Skip to comments.Federalist 84 – Hamilton Opposes a Bill of Rights for Good Reason
Posted on 07/30/2009 5:02:27 AM PDT by Loud Mime
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The government does not grant rights. It recognizes them.
When liberals claim they have a right to health care from the federal government, cite Federalist 84 and watch the deer in the headlights.
It does both.
Anytime I discuss the first ten amendments to the Constitution, I always refer to them as the “Bill of Prohibitions”. As correctly stated above, no government can grant rights. Governments often do their best to suppress natural rights, and the “Bill of Prohibitions” lists rights that our government is specifically prohibited from trampling upon.
I’d never thought about the dangers of specifically listing these prohibitions, but then again, I’m constantly amazed at how timeless the thoughts and actions of our founders were.
If we had followed the Constitution any of our present socialists laws would of had to be done by amendment. How far Commie would we of gone if all this crap had to be ratified by 2/3 of State legislatures. No we had a good system. Unfortunatly it is history. None of this Communism would be possible if we had of stayed with the us Constitution. We are going to pay a terrible price. There is no good outcome possible at this point.
Government can grant rights within a legalistic framework; it’s their laws and their power to exercise.
The Second Amendment is a good example.
The Ninth and Tenth SHOULD have covered everything he was worried about.
Notice something in the present debates over health care and cap & tax -
NO ONE is arguing that the fedgov is not Constitutionally authorized to do these things. It’s as if the Constitution is now a dead letter... which, indeed, it is in the minds of the statists.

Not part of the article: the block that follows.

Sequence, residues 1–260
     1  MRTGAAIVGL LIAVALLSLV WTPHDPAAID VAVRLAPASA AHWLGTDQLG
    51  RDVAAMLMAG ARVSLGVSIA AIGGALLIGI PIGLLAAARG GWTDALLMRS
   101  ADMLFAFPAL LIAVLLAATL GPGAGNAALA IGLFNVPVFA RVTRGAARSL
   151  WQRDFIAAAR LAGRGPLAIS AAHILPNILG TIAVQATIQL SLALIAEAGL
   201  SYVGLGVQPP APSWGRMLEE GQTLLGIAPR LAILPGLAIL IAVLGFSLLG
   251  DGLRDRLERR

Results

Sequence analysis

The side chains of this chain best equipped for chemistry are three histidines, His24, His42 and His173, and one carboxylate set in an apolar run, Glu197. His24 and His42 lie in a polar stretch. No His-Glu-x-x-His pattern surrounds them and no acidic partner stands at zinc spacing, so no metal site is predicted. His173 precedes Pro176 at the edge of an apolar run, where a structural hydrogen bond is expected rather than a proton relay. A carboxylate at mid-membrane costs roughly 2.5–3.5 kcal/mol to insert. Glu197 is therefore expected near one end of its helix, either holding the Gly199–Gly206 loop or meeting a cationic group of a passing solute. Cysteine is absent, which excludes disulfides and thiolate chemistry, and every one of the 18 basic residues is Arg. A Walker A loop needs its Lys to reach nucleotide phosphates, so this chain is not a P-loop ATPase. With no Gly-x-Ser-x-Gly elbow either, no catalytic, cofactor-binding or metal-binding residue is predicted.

No, it does NOT. Rights are INHERENT, endowed by the Creator. Government is not a power that has capability to confer rights on humanity.
Perhaps you need to re-read this document and the Declaration of our founding...for clarity.
I’ve given this a lot of thought over the years, and I’ve concluded that we were screwed either way. The only safeguard against the gubmint is a populace that jealously and vigilantly guards and preserves its own freedom. Short of that, scheming politicians, lawyers, and thieves will always find a way to have their way.
There is more to this; I'll have it in September.
Rights that are inalienable are not the government's to grant. If they were, they could just as easily be revoked by the same government.
If you can direct me to language in the Constitution or the Declaration that references the government granting rights, I will appreciate the education.
I agree with you 100% Mace. I think you want the other guy to point that out to you.
ding ding ding.................we have a winner!!!!
I acknowledge your belief that rights are inherent; and yes, I have read the Declaration carefully and I study the Constitution and our history of abusing it.
Your point that government is not a power that has a capability to confer rights on humanity is partially valid. But there is more to the argument.
George Washington: “Government is not reason; it is not eloquent; it is force. Like fire, it is a dangerous servant and a fearful master.”
I believe I made it clear by putting my remark in the context of law. You put yours in a theological context. Please reconsider your argument with those differences in mind. We are talking of two different authorities. Despite your adherence to one, I believe it is prudent to admit that both exist and that both have the power to enforce their will in ways that they see fit.
This is the Liberal viewpoint...oft stated publicly by the likes of Obama, and John Kerry.
It depends on the laws enacted and power exercised, doesn't it?
LOL! I never bother citing anything. Just say CONSTITUTION...and their eyes glaze over . :-)
There should have been term limits written into the Constitution.